This notebook contains the text, figures, and source code for my Scientific American blog post.
Note that I have hidden much of the code for this post at the end of the notebook. To execute the code this notebook, please start by running the functions defined at the end of the text, then return to the beginning.
The content of this notebook is BSD licensed, ©2014, Jake VanderPlas
One of the largest treasure troves of astronomical data comes from the Sloan Digital Sky Survey (SDSS), an ongoing scan of the firmament that began 15 years ago. Its catalogue covers 35 percent of the sky and contains multicolor observations of hundreds of millions of distinct galaxies, stars and quasars. If a person were to attempt to individually inspect each of these objects at a rate of one per second through the workday, it would be a full-time job lasting over 60 years!
Fortunately, such individual inspection is not how astronomers work. Instead, we use various specialized algorithms to automatically sift through and categorize this vast data set and dream up novel visualization schemes to make clear in a glance the relationships between thousands or millions of individual objects.
One of my favorite examples of this type of visualization involves a subset of the above data, the SDSS Moving Object Catalog, which my colleague Zeljko Ivezic has been instrumental in producing and collating. This catalogue contains detailed data on nearly half a million small asteroids orbiting our sun, allowing us not only to track the orbital path of individual asteroids but also to gain insight into the chemical composition and formation history of individual objects and the solar system as a whole. The following video simulation from Alex Parker gives a glimpse into the orbital characteristics of this data:
from IPython.display import YouTubeVideo YouTubeVideo('Xo7A-tKITlo')
The SDSS data gives us much more than just the orbital dynamics. Multiband imaging gives us detailed measurements of the color of reflected sunlight off each of these asteroids. Just as on Earth our eyes can distinguish white quartz from dark basalt based on how they each reflect sunlight, the SDSS telescope can distinguish among different chemical compositions of asteroids based on how their surfaces reflect sunlight.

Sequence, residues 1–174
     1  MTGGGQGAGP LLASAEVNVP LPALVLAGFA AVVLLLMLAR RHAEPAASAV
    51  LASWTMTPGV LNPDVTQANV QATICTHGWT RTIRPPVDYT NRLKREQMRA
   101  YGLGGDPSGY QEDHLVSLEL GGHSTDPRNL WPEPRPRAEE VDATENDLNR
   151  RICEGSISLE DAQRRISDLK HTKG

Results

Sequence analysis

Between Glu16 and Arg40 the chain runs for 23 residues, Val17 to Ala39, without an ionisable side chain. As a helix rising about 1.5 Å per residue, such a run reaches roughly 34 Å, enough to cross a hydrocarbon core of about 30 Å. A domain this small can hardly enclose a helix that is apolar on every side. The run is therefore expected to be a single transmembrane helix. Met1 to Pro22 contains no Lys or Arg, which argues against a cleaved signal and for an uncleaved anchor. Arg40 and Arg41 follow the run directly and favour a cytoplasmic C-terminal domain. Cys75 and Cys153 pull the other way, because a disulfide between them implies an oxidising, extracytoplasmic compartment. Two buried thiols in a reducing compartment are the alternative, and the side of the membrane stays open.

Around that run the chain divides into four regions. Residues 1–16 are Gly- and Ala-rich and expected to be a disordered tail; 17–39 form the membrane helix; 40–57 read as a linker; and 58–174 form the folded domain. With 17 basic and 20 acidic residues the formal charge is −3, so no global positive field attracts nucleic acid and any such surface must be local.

We can summarize this chemical information with two "color" measurements: color in the optical range and color in the near-infrared range. Combining this with the semimajor axis (a measure of the size of the orbit around the sun) and the inclination (a measure of how "tilted" the orbit is compared with Earth’s orbital plane) gives us a four-dimensional data set: four properties of each asteroid that contain information about its orbit and chemical composition.
With this four-dimensional data set decided, we can now think about how to best visualize it. One-dimensional data fits on a number-line; two-dimensional data can be plotted on a flat page or screen; three-dimensional data can be conceived as a 3-D plot, perhaps rotating on a computer screen; but how do you effectively plot four-dimensional data?
We can start simple, by splitting the data into chemical indicators on one hand and orbital indicators on the other:
This visualization is full of information. The left panel is known as a color–color diagram and distinguishes between broad classes of asteroid chemistries. The left-most clump in this panel is primarily carbonaceous (C-type) asteroids whereas the right-most clump is primarily silicaceous (S-type) asteroids. The faint downward extension of the right-most clump is V-type asteroids, known to be associated with the asteroid Vesta.
The right panel showing the orbital characteristics offers even more insight. Immediately we see that there is some intriguing structure to the data: clumps and clusters as well as specific regions that are devoid of any asteroids at all. These clumps are known as asteroid families, and the vertical voids near 2.5 astronomical units (AU) and 2.8 AU are areas of orbital resonance with Jupiter: In this particular region of the solar system, these resonance effects quickly kick any asteroids out of their orbits. (An astronomical unit is the mean Earth–sun distance, or about 149.6 million kilometers.)
These are all interesting insights, but what we'd really like is to see intuitively how the chemistry reflected in the left panel is related to the orbital dynamics reflected in the right panel. Such a four-dimensional relationship is very difficult to capture.
One common way to visualize high-dimensional data is to use a grid of multiple two-dimensional plots. In this way we can plot each pair of features against one another and look at the correlations. Of course, the two panels from above are just a subset of the six distinct plots (each with a mirror-image) created by this method:
This plot conveys a lot of information, and there are some intriguing pieces. For example, in the panel comparing near-infrared color to orbital inclination (top row, second from the left) we see a distinct clump of data: These are points that are clustered both in color and inclination. Further investigation shows this clump reflects the Vesta family, a chemically similar group of asteroids that also shares the same orbital inclination. We'll return to these below.
Another common high-dimensional visualization technique is to treat color as an added dimension. This way a standard two-dimensional plot can reflect three-dimensions of information. Let's try visualizing the four dimensions in this way: We'll do two versions of the orbital inclination plot, using a different color scale in each plot: